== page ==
- The Washington Times - Tuesday, May 21, 2002

Active and retired federal workers can expect a double-digit increase in health insurance premiums next year.

Those who subscribe to the misery-loves-company theory can take some comfort in the fact that any premium increase will also hit Senate Majority and Minority Leaders Tom Daschle, South Dakota Democrat, and Trent Lott, Mississippi Republican, as well as other members of Congress, congressional staffers and political appointees who oversee the giant federal employee health benefits program.

The year 2003 premium increases which won't be announced until summer's end will take a bite out of the pay raise (either 2.6 percent or 4.1 percent) in the works for feds or the much smaller 1 percent to 2 percent cost-of-living adjustment for retirees.

Despite the premium increases, federal workers, especially retirees, will be better off than many of their private sector counterparts. A growing number of companies are either dropping health coverage or forcing workers to pay a bigger chunk of premiums. Virtually all private companies drop retirees from coverage at age 65, if not before.

The federal government pays an average of 72 percent of the total premium (each employee/retiree having about a dozen plans to choose from), and coverage is for life.

Nobody expects premium increases to decline or remain flat, but key members of Congress hope to hold them down by encouraging more health maintenance organizations to join the federal program and by introducing options such as medical savings accounts.

May we borrow your pension?

When the Clinton administration "borrowed" four times from the federal retirement fund and the G-fund of the federal 401(k) plan, government unions were silent.

But now that the Bush administration is doing the same thing, some of the unions are up in arms.

Actually it's a paper tiger. Until Congress raises the debt ceiling (which it will) the government can't incur any new debt. That means it temporarily stops paying interest on things such as the retirement fund and the G-fund until the ceiling is raised or until additional revenue arrives.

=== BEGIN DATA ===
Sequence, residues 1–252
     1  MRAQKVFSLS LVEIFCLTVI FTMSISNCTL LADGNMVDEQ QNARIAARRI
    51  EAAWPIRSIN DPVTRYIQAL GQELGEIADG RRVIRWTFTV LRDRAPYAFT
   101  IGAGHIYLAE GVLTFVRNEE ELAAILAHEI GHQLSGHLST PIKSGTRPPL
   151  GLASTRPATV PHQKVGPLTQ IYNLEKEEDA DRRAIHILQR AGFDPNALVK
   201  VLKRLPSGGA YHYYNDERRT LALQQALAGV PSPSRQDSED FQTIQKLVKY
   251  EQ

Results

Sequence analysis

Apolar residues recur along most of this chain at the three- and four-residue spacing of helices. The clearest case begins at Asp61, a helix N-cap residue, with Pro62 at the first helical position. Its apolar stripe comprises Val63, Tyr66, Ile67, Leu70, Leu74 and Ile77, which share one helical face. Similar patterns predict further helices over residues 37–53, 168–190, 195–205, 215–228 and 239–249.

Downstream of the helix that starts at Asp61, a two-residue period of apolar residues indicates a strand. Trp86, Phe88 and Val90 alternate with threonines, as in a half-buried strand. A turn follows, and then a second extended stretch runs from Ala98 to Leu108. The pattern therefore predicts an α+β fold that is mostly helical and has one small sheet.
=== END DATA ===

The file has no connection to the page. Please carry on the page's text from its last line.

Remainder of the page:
By law all gains that are lost delayed by the action are made whole again, so federal workers and the unions that represent them lose nothing.

More on the non-crises can be found at the Thrift Savings Plan's Web site (www.tsp.gov) and on the National Association of Retired Federal Employees Web site (www.narfe.org).

Remember, the federal retirement fund pays handsome benefits to former members of Congress and congressional staffers. And it covers current members of Congress, too, who are not going to let the government or anybody else drain their funds by a single penny.

Retiree premium break

Support continues to build in Congress to extend to retirees a tax break now enjoyed by federal workers.

Currently, active feds pay premiums with pre-tax dollars. That lowers their taxable income and reduces their tax bill from $300 to $500 per year. But retirees don't have that option. Yet.

Insiders believe the break, which has bipartisan congressional and White House support, may be tucked inside an appropriations package this fall.

401(k) plan gets better

The Federal Thrift Savings Plan, which allows workers to defer taxes on 7 percent to 12 percent of income, just got better.

The Federal Retirement Thrift Investment Board says that later this year it will introduce daily valuation. That means investors can apply for and get loans more quickly, in addition to shifting from one fund to another in a matter of hours rather than weeks.

Account holders also will be able to see the daily dollar value of their accounts and their share totals.

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